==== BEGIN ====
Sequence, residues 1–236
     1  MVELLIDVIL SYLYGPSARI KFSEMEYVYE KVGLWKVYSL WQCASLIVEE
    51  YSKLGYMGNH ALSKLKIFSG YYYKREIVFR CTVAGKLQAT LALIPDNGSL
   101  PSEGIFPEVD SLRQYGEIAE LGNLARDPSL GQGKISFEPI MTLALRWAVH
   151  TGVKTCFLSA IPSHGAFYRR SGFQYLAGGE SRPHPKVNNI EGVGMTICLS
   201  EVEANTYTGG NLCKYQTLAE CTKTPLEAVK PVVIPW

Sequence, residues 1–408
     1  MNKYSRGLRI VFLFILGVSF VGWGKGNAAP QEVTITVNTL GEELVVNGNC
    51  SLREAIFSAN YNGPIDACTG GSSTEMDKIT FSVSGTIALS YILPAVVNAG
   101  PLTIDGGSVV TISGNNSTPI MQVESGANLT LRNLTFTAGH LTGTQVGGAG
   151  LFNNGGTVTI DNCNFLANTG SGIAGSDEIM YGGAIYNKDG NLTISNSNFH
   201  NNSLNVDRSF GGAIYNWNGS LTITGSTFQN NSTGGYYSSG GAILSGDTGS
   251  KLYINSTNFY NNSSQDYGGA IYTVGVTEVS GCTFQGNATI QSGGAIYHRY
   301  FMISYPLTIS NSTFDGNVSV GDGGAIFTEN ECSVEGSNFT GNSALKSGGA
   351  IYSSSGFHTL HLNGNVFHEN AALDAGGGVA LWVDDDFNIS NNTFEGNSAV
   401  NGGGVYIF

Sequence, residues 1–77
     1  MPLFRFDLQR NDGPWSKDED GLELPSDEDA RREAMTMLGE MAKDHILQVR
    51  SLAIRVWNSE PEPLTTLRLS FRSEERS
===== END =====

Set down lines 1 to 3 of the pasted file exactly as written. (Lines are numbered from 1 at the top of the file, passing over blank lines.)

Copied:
Sequence, residues 1–236
     1  MVELLIDVIL SYLYGPSARI KFSEMEYVYE KVGLWKVYSL WQCASLIVEE
    51  YSKLGYMGNH ALSKLKIFSG YYYKREIVFR CTVAGKLQAT LALIPDNGSL